At IDEA World’s BlogFest this past week, I was able to attend “Running Secrets to Success: Skills and Drills for Trainers, a session given by Jason Karp. He is the owner Run-Fit and also has a PhD in Exercise Physiology. The session started with an in depth review of the science behind running, including discussions about cardiac output, VO2 max, metabolic energy production, and more. It was helpful to hear this background information, because it made the tips he described make sense to me from an evidence-based standpoint, which I always appreciate.
I want to share with you some of my favorite takeaways from the session about how to become a better runner. Note that these tips are primarily focused on distance runners, but some of them will apply regardless of your run personality.
How to Become a Better Runner:
1) Get enough mileage. In his words, “to run fast, you must spend a lot of time running slow”, and cover a good amount of distance. For example, to run a good marathon, he recommends running a minimum of 35 miles per week. It’s certainly possible to train for one on less – and in fact, both of my full marathons were run on an average of 20-30 miles per week – but if you’re hoping to improve on time, you’ve got to add some additional miles in there.
2) Structure your training properly. This means incorporating a mixture of long runs, tempo runs (lactate threshold runs), and speed work (VO2 max intervals and/or anaerobic intervals, for those of you in the field!). The specific mixture of these workouts will depend on a variety of factors, including your genetic strengths, age, race distance, and more.
3) Keep your easy runs, well, easy. He listed 3 reasons for this, and they all make sense:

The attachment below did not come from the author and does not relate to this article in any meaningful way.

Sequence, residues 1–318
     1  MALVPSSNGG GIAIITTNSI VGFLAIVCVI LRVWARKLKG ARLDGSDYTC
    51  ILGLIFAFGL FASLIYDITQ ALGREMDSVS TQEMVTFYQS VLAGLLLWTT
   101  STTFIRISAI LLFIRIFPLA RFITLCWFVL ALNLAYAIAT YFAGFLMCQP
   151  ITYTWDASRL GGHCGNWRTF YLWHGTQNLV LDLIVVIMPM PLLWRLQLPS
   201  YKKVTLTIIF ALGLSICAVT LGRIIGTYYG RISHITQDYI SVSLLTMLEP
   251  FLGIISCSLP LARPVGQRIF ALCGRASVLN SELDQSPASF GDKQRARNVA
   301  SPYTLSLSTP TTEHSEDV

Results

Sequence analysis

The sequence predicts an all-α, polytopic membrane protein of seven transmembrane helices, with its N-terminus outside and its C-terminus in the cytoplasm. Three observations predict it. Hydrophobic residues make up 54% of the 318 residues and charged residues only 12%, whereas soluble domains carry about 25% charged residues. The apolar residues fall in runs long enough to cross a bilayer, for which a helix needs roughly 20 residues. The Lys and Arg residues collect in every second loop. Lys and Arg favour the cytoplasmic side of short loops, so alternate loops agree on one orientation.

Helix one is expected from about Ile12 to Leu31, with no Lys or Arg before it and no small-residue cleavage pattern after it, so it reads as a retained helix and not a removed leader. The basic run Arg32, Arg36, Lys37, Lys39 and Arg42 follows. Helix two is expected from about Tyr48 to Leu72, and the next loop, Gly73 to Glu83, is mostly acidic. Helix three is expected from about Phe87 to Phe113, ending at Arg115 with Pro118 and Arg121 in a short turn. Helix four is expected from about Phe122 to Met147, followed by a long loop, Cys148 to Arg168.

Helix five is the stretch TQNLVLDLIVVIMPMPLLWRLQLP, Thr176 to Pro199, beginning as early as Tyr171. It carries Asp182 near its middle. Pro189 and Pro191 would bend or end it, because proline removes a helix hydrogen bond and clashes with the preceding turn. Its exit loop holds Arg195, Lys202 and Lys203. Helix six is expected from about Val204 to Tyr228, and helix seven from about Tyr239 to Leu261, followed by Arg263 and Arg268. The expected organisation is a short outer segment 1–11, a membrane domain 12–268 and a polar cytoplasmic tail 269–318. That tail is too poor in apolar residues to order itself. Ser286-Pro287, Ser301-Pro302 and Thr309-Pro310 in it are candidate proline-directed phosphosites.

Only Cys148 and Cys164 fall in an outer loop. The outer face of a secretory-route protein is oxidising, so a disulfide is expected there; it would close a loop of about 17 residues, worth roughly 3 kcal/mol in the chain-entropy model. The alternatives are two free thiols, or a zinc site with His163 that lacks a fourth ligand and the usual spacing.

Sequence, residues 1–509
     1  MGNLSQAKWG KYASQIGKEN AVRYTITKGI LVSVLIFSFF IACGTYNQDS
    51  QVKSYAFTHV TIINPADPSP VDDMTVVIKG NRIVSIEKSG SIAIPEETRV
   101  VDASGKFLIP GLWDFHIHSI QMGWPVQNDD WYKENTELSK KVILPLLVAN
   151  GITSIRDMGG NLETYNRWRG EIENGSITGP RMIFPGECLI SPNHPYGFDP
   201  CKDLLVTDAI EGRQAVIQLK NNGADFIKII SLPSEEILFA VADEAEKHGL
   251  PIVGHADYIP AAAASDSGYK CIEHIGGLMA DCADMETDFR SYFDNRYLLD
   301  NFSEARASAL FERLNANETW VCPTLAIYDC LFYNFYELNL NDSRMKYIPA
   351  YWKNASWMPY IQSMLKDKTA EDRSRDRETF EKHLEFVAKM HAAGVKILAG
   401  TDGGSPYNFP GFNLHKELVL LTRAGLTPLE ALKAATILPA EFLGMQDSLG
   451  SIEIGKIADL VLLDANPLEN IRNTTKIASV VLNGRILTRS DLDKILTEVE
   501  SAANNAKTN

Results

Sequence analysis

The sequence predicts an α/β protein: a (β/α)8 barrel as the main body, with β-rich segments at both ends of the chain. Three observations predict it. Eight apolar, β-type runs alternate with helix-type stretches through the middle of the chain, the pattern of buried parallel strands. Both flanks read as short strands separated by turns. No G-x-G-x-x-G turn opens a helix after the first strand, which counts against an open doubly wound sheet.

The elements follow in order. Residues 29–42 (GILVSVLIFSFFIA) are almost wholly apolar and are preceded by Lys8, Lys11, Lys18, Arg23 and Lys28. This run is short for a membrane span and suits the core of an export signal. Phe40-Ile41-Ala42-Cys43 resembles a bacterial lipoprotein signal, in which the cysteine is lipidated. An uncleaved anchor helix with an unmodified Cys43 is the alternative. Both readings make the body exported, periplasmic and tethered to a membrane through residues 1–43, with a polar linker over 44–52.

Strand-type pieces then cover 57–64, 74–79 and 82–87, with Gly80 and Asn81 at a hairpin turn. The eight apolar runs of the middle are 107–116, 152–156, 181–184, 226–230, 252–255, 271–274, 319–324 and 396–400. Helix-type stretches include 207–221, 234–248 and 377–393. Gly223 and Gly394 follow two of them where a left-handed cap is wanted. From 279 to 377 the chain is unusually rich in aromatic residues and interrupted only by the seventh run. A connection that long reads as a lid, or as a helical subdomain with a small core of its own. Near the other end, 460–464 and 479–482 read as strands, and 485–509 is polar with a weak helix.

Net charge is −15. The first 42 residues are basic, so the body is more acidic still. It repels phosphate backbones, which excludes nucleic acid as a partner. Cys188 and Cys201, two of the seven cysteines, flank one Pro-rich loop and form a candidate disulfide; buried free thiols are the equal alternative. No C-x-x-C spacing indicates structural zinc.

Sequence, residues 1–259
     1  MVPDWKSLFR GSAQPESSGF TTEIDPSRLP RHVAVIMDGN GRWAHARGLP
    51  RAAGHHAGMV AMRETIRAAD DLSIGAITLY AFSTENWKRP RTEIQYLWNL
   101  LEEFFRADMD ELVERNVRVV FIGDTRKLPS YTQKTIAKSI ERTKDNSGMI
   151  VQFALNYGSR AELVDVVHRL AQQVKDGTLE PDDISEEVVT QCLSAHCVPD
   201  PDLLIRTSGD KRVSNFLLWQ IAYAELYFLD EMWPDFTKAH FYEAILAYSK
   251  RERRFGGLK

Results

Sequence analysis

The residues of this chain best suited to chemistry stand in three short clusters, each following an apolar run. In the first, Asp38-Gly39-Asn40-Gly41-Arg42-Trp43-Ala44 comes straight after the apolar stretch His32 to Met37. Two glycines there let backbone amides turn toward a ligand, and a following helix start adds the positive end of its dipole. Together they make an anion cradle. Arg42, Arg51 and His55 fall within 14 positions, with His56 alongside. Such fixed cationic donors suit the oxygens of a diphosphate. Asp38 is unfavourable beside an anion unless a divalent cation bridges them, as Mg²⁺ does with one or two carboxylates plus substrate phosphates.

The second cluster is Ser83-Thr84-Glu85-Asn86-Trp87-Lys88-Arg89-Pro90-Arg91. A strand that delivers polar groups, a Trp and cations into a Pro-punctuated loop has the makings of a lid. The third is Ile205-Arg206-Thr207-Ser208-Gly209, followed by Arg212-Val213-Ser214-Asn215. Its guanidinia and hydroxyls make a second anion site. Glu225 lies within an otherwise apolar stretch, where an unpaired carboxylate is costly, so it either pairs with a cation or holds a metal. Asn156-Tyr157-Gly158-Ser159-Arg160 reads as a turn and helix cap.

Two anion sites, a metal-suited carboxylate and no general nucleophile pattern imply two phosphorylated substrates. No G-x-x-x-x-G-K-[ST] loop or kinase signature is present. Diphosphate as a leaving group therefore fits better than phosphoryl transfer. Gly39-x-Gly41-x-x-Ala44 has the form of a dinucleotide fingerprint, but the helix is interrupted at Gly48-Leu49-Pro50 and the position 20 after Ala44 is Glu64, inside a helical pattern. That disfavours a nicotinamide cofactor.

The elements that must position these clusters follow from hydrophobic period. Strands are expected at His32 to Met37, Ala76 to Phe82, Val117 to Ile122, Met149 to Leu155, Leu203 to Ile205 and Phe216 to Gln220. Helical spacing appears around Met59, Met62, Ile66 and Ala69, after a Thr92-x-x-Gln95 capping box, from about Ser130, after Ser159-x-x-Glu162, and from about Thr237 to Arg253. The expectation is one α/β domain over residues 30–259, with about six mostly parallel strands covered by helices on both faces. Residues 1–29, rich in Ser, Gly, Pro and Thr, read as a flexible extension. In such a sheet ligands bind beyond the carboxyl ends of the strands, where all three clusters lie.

a. It decreases the chance of injury. If you go out balls to the wall every day, you have a great risk of injuring yourself because you’re not giving yourself a chance to recover.
b. It improves your ability to do hard work on hard days, because your muscles are better recovered.
c. It allows you to build up extra mileage during the week.
4) Minimize risk of injury. The 3 most important factors that lead to injury are a large increase in training load, history of previous injuries, and females suffering from the female athlete triad. You can’t do much about your history of injuries, but the other two issues are largely preventable.
- Female athlete triad – This occurs when women have a combination of energy deficiency (not taking in enough calories to match their expenditure), menstrual disturbances, and bone loss. Generally, not eating enough leads to fat loss and hormonal changes that cause the missed periods and bone loss. Primary prevention: eat enough to fuel your training.
- Increase in training load – I’ve always followed the rule of thumb that you want to avoid increasing training by more than 10% per week. He gave another rule that can be slightly more or less flexible, depending on your current running routine: Increase mileage by no more than 1 mile per day of training per week. In other words, if you currently run 20 miles a week over 4 days of training, your following week should be no more than 24 miles.
Along the same lines, never increase mileage and intensity at the same time, and every few weeks give yourself a recovery week where you cut back on mileage by about 1/3.
5) Consider working on technique. Interestingly, he suggested that where your foot strikes (i.e. midfoot vs. heel strike) isn’t as important as where your foot lands in the center of gravity. We did some running form drills in class including high knee walks/runs, butt kicks, and slow movements cycling our leg in a running motion (you can find lots of suggestions online for running form drills if you’re interested in learning about them!).
6) Last but not least – when you race, “run the first 1/2 to 2/3 of races with your head, and the last 1/2 to 1/3 with your heart.”
Thanks to Dr. Karp for providing an interesting session!
Share with me: How have you improved your running ability (speed, time, distance, etc)?
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